Even though there is a demand for propane in Alaska, BP Exploration (Alaska) Inc. is not wasting the propane it produces at the Prudhoe Bay unit by using the fuel for field operations, according to a recent Alaska Oil and Gas Conservation Commission inquiry.
In fact, Prudhoe Bay propane is so useful for enhancing North Slope oil recovery it may complicate attempts to sell propane, both in the future as well as sales going on now.
Selling one oil-equivalent barrel of propane today would result in a net loss of 0.93 oil-equivalent barrels of valuable liquids in the future, according to the AOGCC findings.
Because propane contributes to a system generating a net gain in energy production, “If they did choose to sell it rather than re-inject we would have to look at that as potential waste,” AOGCC Chairman Cathy Forester told Petroleum News on Aug. 21.
Issue community useThe inquiry began after former ARCO Alaska and Alaska Natural Gas Development Authority head Harold Heinze suggested BP could be selling some of the propane it produces and injects back into the reservoir at Prudhoe Bay. While not accusing BP of impropriety, Heinze suggested the field could be reconfigured to provide propane for local communities without impacting oil recovery. Because any propane not sold today would eventually be trapped underground when the field reaches the end of its life, Heinze argued reinjection might constitute waste under the statutory definition.
The AOGCC rejected that argument, but potentially upended it, too.
Under a previous AOGCC decision, the Prudhoe Bay owners currently sell natural gas liquids into the trans-Alaska oil pipeline. “The findings from this hearing beg the question of whether we should evaluate that decision,” Forester told Petroleum News.
This issue also remains alive at the legislative level.
As part of a larger investigation into energy pricing in Alaska, the Senate Finance Committee is studying propane. Specifically, the committee wants to know what it would take to reconfigure the Prudhoe Bay gas processing facilities to recover propane for local use without harming enhanced oil recovery operations. It also wants to know if BP is required under its lease commitments to provide propane to willing local buyers.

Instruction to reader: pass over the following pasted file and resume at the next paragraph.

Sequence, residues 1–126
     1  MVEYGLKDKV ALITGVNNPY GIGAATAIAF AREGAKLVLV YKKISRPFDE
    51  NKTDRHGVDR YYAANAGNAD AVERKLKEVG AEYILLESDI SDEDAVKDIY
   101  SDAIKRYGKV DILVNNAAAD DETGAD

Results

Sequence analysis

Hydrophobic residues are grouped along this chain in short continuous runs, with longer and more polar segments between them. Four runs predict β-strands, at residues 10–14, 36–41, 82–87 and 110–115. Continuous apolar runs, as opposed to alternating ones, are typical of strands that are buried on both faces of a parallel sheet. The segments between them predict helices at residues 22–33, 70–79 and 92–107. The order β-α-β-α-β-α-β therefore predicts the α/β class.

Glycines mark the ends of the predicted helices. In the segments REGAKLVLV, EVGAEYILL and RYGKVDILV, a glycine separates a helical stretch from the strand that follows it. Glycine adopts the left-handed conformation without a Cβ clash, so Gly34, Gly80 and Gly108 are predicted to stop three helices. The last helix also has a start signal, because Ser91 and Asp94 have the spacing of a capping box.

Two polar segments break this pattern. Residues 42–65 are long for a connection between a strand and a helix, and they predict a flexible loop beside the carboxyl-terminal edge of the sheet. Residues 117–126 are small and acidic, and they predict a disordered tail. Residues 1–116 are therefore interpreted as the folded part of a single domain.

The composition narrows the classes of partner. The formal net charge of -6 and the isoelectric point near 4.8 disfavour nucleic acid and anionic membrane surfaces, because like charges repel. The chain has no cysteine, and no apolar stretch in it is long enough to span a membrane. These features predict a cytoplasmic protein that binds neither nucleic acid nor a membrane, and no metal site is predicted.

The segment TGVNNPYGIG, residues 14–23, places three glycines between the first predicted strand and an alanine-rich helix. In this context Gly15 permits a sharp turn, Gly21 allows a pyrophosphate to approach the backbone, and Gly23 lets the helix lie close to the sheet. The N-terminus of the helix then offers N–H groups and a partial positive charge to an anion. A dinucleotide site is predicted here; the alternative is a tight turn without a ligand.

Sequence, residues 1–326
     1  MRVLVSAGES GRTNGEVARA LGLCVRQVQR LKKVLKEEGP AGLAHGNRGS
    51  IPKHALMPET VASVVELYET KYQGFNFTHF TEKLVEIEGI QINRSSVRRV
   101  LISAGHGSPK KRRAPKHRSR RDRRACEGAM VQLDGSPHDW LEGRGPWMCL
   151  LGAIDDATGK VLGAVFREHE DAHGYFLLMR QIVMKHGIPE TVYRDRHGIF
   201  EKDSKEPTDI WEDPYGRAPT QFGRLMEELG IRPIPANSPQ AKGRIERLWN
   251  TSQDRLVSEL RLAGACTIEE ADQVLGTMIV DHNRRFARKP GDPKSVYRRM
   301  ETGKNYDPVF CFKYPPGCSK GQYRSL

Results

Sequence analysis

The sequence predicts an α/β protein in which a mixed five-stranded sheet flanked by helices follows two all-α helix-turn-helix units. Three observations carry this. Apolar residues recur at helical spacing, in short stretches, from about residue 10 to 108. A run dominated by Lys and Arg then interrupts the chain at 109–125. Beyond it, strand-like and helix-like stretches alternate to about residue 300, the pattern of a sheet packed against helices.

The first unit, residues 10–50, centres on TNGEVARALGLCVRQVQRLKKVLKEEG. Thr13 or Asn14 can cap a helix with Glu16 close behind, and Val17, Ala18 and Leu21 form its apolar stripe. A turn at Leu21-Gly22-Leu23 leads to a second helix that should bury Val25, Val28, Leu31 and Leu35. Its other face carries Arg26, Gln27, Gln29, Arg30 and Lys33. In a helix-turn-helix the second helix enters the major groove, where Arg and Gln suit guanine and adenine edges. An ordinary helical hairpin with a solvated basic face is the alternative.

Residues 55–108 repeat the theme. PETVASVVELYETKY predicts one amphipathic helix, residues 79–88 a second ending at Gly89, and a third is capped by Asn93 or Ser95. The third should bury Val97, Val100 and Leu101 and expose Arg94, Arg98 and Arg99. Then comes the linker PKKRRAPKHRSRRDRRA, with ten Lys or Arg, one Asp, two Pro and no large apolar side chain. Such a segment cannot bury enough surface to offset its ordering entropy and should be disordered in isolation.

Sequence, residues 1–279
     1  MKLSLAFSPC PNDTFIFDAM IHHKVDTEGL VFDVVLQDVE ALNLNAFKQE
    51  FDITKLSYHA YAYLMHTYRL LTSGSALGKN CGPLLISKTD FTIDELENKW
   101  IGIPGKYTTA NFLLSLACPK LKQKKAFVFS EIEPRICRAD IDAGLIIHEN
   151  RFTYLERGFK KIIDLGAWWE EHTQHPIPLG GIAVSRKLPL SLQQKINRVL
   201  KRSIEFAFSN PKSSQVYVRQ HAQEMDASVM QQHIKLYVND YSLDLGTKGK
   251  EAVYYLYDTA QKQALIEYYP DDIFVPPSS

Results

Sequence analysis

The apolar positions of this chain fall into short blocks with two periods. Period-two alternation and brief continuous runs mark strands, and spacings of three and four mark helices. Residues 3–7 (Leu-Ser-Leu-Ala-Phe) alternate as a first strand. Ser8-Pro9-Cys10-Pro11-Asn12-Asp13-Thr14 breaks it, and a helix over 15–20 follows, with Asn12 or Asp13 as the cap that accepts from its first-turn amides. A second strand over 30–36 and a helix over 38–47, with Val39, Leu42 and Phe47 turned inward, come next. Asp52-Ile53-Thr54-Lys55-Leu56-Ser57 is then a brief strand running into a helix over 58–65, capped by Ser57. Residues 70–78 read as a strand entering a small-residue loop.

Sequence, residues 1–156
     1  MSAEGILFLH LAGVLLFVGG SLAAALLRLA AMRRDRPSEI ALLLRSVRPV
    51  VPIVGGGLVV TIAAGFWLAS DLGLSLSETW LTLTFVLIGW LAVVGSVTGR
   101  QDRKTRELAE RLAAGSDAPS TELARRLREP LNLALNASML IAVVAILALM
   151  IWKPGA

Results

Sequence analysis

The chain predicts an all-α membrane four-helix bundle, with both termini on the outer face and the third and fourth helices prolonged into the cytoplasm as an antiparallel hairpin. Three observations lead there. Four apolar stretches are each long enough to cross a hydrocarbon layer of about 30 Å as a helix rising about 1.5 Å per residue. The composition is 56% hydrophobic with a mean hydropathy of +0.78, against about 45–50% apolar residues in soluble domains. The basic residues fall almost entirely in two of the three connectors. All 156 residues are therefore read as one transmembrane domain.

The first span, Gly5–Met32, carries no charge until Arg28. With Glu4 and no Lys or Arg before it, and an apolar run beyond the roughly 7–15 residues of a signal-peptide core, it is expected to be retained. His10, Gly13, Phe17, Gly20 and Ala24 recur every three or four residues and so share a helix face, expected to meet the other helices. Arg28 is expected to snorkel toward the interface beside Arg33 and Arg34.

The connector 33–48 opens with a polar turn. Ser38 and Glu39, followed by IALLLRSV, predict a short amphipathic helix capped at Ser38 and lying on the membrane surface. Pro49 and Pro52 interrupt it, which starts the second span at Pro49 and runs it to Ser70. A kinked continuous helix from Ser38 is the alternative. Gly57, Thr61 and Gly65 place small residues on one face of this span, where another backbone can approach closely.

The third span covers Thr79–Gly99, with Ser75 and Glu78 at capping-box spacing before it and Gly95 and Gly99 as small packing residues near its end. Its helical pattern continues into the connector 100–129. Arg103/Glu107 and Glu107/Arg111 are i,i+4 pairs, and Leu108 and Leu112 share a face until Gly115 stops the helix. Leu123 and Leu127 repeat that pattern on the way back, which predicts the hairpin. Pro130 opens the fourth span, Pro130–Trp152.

‘Clear and substantial benefits’While Alaska communities — particularly in rural areas — may be hungry for local propane to displace expensive diesel and heating oil, using propane for field maintenance has “clear and substantial benefits to ultimate recovery,” the AOGCC concluded.
The Central Gas Facility at Prudhoe Bay, or CGF, separates the gas produced at the field into two streams: gas liquids and residue gas. Both contain small volumes of propane.
BP subsequently separates the liquids into natural gas liquids sold through the trans-Alaska oil pipeline or to the Kuparuk River unit, and miscible injectant to enhance oil recovery. A small amount of propane is used in house to cool CGF processing systems.
The Prudhoe Bay field could technically yield larger volumes of propane, but the CGF currently “produces as much gas liquids as it is physically capable of doing,” according to the AOGCC findings. Although BP could expand the plant, the equipment would involve a “substantial” cost and installation would require a six to eight month shutdown.
Even if BP did expand the plant, it would need all the additional liquids to make more miscible injectant, BP said. The current system is only running at 22 percent of capacity.
Royalty considerations?During the hearing Heinze specifically questioned whether moving propane from the BP-operated Prudhoe Bay unit to the ConocoPhillips-operated Kuparuk River unit should trigger state royalty considerations. While the AOGCC did not consider that question, it did find that the natural gas liquids sold to the Kuparuk River unit also enhance oil recovery, around 1.3 barrels of oil for each barrel of natural gas liquids used at the field.
Additionally, the natural gas and natural gas liquids BP currently sells to other units “provides clear and substantial improvements in ultimate recovery from these units while having a negligible effect on recovery in the (Prudhoe Bay field),” the AOGCC found.
The propane in the residue gas stream is also crucial for operations, the AOGCC found.
The majority of the residue gas is injected into the Prudhoe Bay gas cap to maintain reservoir pressure, although some is sold to the BP-operated Northstar unit for enhanced oil recovery operations and a small amount is used as a fuel supply at Prudhoe Bay.
The injections are responsible for 500 million barrels of oil recovery at Prudhoe Bay and have increased Northstar recovery by 15 percentage points, according to the AOGCC.
BP praised the findings.
“The AOGCC agreed that the propane is a greater benefit to Alaskans by helping to get more oil out of the ground right. … As we face the continued decline of North Slope oil production, every barrel counts,” BP spokeswoman Dawn Patience told Petroleum News.
Concerning the larger issue of rural energy needs, Patience said BP continues to meet with utilities and policymakers “to determine if there is a role for our company to play.”